For many years Agronomists and Agricultural Engineers have tried to face the challenges of modern agriculture using the tools we thought we had at our disposal: the best selected seeds, the best commercial varieties, the best substrates or soil preparation, the latest advances in plant nutrition, all those phytosanitary weapons approved at our disposal and any other tool that would allow us to face the challenges of the field, which are always unpredictable.
Nowadays, when you read the previous paragraph, you should miss a concept that, far from being new, because it was understood as excessively theoretical and impractical, only a few decided to invest in it. This is undoubtedly Plant Physiology or as Jerry Stoller described more than thirty years ago, “The language of plants.”
In the mid-1980s, a visionary of our time and an agriculture enthusiast, Dr. Jerry Stoller, discovered that much of the genetic potential of our crops is lost throughout the crop cycle due to the plants’ need to adapt or overcome the different challenges that are presented to them in the form of stress. This was the starting point to delve into all the information that was known and which in the following years was discovered about Plant Physiology.
It turns out that plants are much more complex than we usually assume and both their ability to analyze the environment and their ability to adapt to continuous changes are the key to their evolutionary survival. Every day more scientists recognize that there is a certain “intelligence” in the plants since they are organisms that not only communicate with each other in the distance through the emission of chemical substances, but there is a whole “language” that allows for the continuous communication between the different parts of the plant.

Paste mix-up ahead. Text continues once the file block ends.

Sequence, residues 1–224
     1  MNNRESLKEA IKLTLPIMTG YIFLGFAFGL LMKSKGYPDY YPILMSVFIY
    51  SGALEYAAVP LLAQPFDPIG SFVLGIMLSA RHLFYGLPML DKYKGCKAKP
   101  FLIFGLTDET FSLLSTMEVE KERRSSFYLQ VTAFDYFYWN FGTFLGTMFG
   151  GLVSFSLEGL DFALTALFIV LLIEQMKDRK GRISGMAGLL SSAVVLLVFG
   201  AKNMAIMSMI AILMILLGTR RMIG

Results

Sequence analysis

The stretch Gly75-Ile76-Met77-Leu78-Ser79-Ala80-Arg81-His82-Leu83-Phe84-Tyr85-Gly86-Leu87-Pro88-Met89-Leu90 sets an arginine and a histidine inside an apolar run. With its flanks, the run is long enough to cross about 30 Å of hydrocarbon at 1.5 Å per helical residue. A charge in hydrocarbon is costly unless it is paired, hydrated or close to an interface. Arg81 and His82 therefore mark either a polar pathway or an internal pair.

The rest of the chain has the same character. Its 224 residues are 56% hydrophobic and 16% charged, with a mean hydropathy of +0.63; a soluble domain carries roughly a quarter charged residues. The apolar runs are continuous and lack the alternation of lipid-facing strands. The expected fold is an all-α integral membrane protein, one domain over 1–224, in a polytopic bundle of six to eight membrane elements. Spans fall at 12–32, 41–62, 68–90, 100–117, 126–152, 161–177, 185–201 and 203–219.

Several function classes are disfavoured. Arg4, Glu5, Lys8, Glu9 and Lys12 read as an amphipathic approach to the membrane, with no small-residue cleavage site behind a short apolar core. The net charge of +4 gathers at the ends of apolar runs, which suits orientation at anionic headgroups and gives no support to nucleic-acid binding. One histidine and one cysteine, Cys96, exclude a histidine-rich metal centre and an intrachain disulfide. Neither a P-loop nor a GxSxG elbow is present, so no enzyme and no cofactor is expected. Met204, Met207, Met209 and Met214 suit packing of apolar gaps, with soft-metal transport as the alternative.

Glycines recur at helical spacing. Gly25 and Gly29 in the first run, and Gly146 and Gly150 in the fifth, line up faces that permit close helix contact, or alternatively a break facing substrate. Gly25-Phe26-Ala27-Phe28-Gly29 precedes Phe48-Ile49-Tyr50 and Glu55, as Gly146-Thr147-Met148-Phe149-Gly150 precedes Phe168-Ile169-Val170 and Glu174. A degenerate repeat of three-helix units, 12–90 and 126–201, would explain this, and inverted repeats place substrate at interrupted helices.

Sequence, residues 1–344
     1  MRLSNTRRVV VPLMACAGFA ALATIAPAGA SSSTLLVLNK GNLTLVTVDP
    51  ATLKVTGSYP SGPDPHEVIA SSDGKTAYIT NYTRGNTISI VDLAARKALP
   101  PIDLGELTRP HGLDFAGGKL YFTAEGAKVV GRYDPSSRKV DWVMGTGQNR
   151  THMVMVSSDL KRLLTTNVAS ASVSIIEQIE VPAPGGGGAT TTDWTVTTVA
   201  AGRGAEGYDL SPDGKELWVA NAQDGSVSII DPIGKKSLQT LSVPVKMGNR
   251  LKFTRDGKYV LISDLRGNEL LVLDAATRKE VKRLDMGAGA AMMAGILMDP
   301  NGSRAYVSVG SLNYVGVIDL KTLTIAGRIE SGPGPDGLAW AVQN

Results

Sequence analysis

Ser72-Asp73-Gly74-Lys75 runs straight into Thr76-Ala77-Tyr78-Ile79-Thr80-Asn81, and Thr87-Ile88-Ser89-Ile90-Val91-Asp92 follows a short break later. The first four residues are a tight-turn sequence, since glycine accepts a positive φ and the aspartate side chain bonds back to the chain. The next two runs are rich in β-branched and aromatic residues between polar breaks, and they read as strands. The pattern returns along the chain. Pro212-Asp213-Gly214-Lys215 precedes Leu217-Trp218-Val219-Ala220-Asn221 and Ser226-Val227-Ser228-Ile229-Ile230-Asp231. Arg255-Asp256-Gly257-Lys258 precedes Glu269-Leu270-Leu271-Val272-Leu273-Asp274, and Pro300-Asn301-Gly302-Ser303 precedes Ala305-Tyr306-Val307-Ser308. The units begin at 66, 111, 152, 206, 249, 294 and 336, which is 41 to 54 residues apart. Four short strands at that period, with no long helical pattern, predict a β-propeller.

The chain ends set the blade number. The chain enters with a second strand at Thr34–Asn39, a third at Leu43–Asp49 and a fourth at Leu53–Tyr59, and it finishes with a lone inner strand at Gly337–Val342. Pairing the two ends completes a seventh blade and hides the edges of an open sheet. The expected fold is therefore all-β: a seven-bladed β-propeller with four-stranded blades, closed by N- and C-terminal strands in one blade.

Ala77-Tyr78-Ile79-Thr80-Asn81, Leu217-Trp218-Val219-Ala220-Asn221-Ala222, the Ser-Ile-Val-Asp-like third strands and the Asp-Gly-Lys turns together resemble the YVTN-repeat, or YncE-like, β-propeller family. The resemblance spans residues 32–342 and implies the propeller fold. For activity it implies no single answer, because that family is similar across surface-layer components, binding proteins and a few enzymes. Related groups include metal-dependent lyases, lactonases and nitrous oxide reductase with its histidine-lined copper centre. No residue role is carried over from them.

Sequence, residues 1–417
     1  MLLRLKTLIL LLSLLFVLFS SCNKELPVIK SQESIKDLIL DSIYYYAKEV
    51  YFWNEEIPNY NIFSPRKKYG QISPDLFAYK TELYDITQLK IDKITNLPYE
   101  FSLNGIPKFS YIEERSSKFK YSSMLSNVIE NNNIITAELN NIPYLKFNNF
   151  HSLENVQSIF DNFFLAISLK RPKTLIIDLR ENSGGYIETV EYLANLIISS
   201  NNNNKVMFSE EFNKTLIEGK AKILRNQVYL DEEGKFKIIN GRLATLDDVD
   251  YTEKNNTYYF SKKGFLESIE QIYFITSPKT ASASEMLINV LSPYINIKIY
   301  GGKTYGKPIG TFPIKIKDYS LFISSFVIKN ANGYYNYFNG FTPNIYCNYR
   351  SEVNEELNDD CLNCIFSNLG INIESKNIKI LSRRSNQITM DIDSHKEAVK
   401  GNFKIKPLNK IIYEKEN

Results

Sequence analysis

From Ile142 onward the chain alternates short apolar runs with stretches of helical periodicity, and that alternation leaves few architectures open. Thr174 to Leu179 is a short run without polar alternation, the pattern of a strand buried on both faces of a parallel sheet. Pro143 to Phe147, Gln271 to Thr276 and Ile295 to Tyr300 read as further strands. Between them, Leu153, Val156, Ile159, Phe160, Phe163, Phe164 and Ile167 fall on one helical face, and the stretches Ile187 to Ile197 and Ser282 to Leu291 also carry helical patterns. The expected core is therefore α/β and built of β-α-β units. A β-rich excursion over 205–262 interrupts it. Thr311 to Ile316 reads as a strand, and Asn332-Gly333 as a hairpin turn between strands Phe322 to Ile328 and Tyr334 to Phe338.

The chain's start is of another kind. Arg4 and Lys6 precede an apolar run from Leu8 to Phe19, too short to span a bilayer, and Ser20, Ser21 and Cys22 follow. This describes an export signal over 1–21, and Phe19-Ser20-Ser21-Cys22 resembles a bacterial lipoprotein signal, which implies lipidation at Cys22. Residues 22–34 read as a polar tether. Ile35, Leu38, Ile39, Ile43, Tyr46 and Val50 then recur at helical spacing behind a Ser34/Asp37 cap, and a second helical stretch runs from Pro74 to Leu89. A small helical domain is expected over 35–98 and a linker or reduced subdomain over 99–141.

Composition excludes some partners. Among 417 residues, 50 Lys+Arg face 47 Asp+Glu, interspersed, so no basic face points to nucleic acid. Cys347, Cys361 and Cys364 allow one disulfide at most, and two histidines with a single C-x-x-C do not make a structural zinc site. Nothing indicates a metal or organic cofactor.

Knowing the internal “language” of the plant, understanding how those messages in the form of hormonal substances travel from one point to another and modify the behavior of the target tissues is the key to the next step in modern agriculture. Today it is no longer enough for us to provide the plant with essential nutrients for its development, we must also know what are the exact needs of certain natural hormones so that their development and productivity are maximized.
Agronomists must not only know what are the nutritional needs of a crop and the different relationships between N, P, K and microelements in each of its phases. It is imperative that us Technicians revalue ourselves thanks to all the knowledge acquired that should allow us to anticipate the most imminent future of the crop’s behavior based on reliable information about its management conditions, soil and climate. The knowledge of Plant Physiology will allow us to combine knowledge of plant nutrition with those of behavior based on changing environmental conditions, allowing us to anticipate possible problems or physiopathies that, until recently, were treated with great difficulty.
In the last thirty years, Jerry Stoller and his company have tried to explain what this internal “dialogue” of the plant consists of and how, knowing what happens in each phase of the crop in the different parts of the plant, we can then take care of guaranteeing that the levels of plant hormones in each part of the plant are correct in order to reach or develop their full genetic potential.
In the first document that Jerry Stoller published, which is patented, not only was the role of each plant hormone already mentioned but a very simple diagram that allowed to understand the importance of the hormones in each phase of cultivation, as well as their interaction with the nutrients. This diagram (see Image 1: Plant hormone cycle) has been, on countless occasions, used and published by many people, companies and blogs, although unfortunately the contribution of Mr. Stoller and his company has not always been recognized as the source of such knowledge.
In recent years, the Stoller company has continued its passion for researching and explaining the “plant language” and, as a result of this dedication, has created, patented and shared an evolution of its first diagram. This second diagram (see Image 2: Updated plant hormone cycle) delves into the knowledge of the levels and dominance of each of the five main natural hormones within the plant, as well as their more than intimate interaction between each other and nutrients. Knowing and understanding this “language” is a valuable tool for any agronomist who wishes to contribute value to the field by increasing productivity and reducing production losses.
Written by Sergio Aguilar
Stoller Europe General Manager